Marc Cuniberti: Let’s talk about annuities
I wasn’t a big fan of annuities for the longest time. I saw too many of them with high fees, complicated terms and so many hooks I had to get out my tackle box to house them all. That said, when I started offering annuities to clients with specific needs and desires not too long ago, I reviewed literally hundreds of them and in the pile I have found a few I thought advantageous.
First off, the description of annuity I like to use is a contract between an insurance company and a person that stipulates in return for a sum of money paid by the client, the company will promise payments over a period of time or even a lump sum at the conclusion of the contract. Annuities have all sorts of versions and terms but just know the contract is a promise to pay. How, when and how much depends on the contract.
The promise is a good as the company making it so realize they are not guaranteed by the U.S. government in any way, shape or form. You can pay the company a sum of money in a lump or over time. The annuity can be tied to a moving target such as a stock index or be just a fixed rate of return. There are other variations and they literally come in all shapes and sizes.
Is an annuity right for you?
Without getting too technical, annuities can have a tie up period where the client has to commit to leaving at least some of the money with the company for a specified length of time. Some allow a portion of money to be taken out at certain times at the clients option and most have a hardship clause that allow for special circumstances such as a death of the primary person(s) specified in the contract.
I find that investors who want a stream of income later in life, that won’t go away or can’t stomach the ups and downs of markets, are primary candidates for annuities but know that annuities are not for everyone nor should they be offered up carte blanche to all investors.
Certain investors will ask me for an annuity and others have to be explained as to how they work. As an advisory, I am approached by annuity companies trying to get me to offer their particular version but honestly, I find all but a handful of annuities way too complicated for most investors.
Sure I could place a complicated annuity with a client, but I wouldn’t do that knowing the client doesn’t fully understand how they operate.
Truthfully some are so complicated I have to study them for an hour or two in order to fully understand them myself and I’m in the business!
The annuities I lean towards are the ones that are straight forward and simple. The terms are clear and usually there are not a whole lot of them compared to others.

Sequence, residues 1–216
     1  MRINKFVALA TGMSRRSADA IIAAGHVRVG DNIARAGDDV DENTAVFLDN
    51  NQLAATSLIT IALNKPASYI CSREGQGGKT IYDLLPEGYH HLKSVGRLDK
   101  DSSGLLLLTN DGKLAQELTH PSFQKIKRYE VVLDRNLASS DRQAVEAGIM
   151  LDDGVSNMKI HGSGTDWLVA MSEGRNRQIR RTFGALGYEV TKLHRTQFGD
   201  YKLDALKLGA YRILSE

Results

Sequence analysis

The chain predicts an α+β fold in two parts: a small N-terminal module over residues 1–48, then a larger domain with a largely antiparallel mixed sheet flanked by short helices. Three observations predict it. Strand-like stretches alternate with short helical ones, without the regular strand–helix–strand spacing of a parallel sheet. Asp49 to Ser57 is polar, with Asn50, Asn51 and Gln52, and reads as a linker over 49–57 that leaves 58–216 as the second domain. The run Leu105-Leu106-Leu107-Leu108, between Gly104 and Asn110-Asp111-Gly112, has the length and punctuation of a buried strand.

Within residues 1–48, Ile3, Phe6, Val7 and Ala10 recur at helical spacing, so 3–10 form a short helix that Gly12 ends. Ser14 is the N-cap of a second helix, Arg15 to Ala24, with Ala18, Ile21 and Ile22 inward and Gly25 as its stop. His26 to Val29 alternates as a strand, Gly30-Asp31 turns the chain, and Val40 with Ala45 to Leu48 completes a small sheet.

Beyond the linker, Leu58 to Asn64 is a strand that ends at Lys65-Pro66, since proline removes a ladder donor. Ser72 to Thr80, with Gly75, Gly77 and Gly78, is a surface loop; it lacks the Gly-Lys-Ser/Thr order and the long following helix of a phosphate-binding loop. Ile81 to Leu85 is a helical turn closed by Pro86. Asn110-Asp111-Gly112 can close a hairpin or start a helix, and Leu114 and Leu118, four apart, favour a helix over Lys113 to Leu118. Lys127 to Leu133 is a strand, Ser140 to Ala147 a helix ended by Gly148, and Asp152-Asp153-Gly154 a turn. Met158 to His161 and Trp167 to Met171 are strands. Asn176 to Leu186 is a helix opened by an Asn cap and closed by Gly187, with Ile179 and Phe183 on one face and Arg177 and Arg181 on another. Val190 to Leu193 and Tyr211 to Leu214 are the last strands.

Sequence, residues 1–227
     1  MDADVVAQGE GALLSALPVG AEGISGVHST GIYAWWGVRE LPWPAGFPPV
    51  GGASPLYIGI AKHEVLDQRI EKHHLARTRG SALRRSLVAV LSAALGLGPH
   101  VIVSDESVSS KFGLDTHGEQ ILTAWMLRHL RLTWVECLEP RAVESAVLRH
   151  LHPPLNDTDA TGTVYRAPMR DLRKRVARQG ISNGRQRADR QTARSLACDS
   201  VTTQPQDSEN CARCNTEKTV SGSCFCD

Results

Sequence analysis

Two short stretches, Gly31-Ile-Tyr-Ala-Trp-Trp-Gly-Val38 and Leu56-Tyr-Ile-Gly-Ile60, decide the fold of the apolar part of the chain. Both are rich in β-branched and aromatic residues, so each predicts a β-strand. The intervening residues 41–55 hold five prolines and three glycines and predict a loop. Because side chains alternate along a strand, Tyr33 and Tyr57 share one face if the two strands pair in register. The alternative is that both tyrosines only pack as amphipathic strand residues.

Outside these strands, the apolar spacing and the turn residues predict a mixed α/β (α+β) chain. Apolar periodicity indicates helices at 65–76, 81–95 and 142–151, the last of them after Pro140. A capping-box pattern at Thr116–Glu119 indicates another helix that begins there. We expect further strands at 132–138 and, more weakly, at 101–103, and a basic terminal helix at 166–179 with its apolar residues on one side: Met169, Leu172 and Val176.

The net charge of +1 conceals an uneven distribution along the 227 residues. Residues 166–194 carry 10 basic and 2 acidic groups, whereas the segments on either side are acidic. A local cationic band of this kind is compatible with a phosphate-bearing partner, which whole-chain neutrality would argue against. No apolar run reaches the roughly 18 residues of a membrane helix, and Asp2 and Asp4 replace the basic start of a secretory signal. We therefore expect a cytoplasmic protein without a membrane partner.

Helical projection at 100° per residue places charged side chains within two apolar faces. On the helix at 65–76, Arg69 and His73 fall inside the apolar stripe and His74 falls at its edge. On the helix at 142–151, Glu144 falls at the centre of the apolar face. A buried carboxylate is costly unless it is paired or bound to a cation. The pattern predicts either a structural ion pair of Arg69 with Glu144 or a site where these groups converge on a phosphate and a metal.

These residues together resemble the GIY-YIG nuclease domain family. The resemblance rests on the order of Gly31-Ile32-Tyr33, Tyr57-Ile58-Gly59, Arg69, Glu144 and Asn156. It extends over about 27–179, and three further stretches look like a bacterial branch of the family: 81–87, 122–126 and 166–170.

My thinking is if I can explain it to a client and they understand how it works, it will be better for all concerned, which is the investor, the advisor and the insurance company writing the contract.
The regulations and oversight on annuities is severe and very strict and protection to the consumer is a lot better than it was decades ago where annuities where sometimes regarded one of the black boxes of financial products.
Not so today. Many are simple, easy to understand and perform as promised. The importance of understanding them by both the client and advisor is tantamount to a successful placement and an honest and straight forward conversation by both parties is the cornerstone of that success.
Investors should carefully consider the investment objectives, risks, fees and expenses before investing. For this and other important information please obtain the investment company fund prospectus and disclosure documents from your Rep/Advisor. Read this information carefully before investing. Guarantees are based on the claims paying ability of the issuing insurance company. This article expresses the opinions of Marc Cuniberti and are opinions only and should not be construed or acted upon as individual investment advice. He is an Investment Advisor Representative through Cambridge Investment Research Advisors, Inc., a Registered Investment Advisor. He can be contacted at 530-559-1214 or at SMC Wealth Management, 164 Maple St #1, Auburn. SMC and Cambridge are not affiliated. His website is http://www.moneymanagementradio.com. Indexes may not be invested into directly and consider consulting a qualified financial advisor if you have any questions or concerns and before making any investments decisions.
Start a dialogue, stay on topic and be civil.
If you don't follow the rules, your comment may be deleted.